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Understanding Hegel's Mature Critique of Kant$
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John McCumber

Print publication date: 2013

Print ISBN-13: 9780804785457

Published to Stanford Scholarship Online: September 2014

DOI: 10.11126/stanford/9780804785457.001.0001

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Hegel’s Critique of Kant’s Moral Theory

Hegel’s Critique of Kant’s Moral Theory

Chapter:
(p.147) Chapter 5 Hegel’s Critique of Kant’s Moral Theory
Source:
Understanding Hegel's Mature Critique of Kant
Author(s):

John Mccumber

Publisher:
Stanford University Press
DOI:10.11126/stanford/9780804785457.003.0006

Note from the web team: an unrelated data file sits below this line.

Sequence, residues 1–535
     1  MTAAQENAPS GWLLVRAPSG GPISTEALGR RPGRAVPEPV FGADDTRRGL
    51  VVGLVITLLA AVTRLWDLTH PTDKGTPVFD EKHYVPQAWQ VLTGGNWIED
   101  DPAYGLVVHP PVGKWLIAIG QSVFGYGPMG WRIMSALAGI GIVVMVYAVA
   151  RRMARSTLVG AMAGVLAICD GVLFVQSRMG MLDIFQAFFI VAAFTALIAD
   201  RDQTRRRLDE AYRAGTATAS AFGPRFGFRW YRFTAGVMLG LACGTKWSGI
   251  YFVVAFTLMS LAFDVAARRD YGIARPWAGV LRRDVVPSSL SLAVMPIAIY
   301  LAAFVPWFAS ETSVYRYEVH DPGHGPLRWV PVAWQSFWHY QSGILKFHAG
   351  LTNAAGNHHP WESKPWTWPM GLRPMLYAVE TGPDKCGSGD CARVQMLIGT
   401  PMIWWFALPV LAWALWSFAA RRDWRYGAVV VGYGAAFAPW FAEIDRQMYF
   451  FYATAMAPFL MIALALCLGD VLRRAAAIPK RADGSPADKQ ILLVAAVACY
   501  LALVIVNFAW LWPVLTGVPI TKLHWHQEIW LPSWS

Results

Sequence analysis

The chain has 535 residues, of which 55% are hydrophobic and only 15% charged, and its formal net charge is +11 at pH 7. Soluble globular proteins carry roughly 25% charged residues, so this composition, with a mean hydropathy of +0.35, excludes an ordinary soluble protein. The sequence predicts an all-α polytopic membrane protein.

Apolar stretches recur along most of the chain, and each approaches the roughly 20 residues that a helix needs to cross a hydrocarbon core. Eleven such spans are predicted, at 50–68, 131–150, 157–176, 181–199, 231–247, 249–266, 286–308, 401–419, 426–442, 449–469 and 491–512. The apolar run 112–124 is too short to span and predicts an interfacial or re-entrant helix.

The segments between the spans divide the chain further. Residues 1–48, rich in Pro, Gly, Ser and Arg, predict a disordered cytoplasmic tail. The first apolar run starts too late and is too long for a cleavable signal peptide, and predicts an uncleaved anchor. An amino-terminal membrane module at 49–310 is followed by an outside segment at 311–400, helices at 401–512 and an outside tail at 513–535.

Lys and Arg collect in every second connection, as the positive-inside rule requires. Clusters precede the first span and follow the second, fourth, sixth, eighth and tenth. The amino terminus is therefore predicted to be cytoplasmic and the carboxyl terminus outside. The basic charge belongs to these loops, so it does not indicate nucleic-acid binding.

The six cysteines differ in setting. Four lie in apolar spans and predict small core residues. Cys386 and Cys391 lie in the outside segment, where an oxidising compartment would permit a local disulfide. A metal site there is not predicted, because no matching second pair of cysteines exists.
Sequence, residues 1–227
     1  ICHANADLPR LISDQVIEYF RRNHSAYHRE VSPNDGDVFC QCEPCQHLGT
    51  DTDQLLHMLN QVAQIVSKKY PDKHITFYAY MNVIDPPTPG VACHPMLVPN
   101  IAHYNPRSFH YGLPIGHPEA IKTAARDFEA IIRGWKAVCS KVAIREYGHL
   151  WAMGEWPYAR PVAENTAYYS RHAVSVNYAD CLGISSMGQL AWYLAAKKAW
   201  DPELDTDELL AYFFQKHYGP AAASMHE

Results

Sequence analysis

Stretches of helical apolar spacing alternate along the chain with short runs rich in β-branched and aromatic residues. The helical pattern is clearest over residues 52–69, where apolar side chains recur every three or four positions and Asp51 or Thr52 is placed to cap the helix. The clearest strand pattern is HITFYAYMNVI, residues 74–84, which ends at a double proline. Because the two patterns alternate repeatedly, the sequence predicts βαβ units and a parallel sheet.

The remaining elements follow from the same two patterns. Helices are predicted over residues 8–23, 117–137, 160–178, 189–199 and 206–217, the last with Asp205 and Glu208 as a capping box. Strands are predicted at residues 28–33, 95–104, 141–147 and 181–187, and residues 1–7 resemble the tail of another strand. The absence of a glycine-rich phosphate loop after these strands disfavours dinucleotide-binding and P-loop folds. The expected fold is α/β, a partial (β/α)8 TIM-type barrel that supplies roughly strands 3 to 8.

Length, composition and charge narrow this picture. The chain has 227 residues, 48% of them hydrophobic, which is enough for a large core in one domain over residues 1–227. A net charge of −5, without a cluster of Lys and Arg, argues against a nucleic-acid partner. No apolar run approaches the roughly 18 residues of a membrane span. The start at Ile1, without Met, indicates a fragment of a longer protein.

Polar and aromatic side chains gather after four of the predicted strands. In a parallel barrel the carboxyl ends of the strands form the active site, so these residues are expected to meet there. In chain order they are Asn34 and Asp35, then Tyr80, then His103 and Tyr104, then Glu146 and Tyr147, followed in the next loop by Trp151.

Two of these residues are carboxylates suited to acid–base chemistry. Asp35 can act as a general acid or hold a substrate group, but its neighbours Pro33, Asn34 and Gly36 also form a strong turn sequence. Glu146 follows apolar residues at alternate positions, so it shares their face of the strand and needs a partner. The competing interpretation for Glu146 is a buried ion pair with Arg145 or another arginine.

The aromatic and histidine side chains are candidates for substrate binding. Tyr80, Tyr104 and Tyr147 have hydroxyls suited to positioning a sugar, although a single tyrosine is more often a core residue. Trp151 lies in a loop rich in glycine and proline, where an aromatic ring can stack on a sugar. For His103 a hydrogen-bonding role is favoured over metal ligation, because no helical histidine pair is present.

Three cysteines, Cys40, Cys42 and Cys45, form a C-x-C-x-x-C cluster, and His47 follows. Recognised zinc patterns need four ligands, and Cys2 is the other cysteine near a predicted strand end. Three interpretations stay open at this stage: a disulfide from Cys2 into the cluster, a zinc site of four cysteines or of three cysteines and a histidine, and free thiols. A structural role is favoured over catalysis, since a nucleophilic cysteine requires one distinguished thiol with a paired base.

This chapter enumerates and illustrates eight distinct critiques of Kant’s moral philosophy from Hegel’s perspective. These critiques include both explicit and implicit—or “buried”—arguments. These “buried” criticisms include Kant’s failure to define morality’s most basic principle, the will, and insofar as Kant does provide an account of the will it is non-naturalistic (not empirical). Hegel’s other implicit criticisms arise from the overly abstract quality of Kant’s moral theory. Namely, Kant’s account does not tell us how we can strengthen our moral agency by integrating it with other drives and duties, and he also lacks an account of moral action altogether. Hegel also criticizes Kant explicitly for being too formalistic and rigoristic; for the emptiness of the categorical imperative, and for the social philosophy, which emerges from it, which is based not on freedom, but coercion.

Keywords:   Kant, Hegel, morality, ethics, will, categorical imperative, formalism, rigorism

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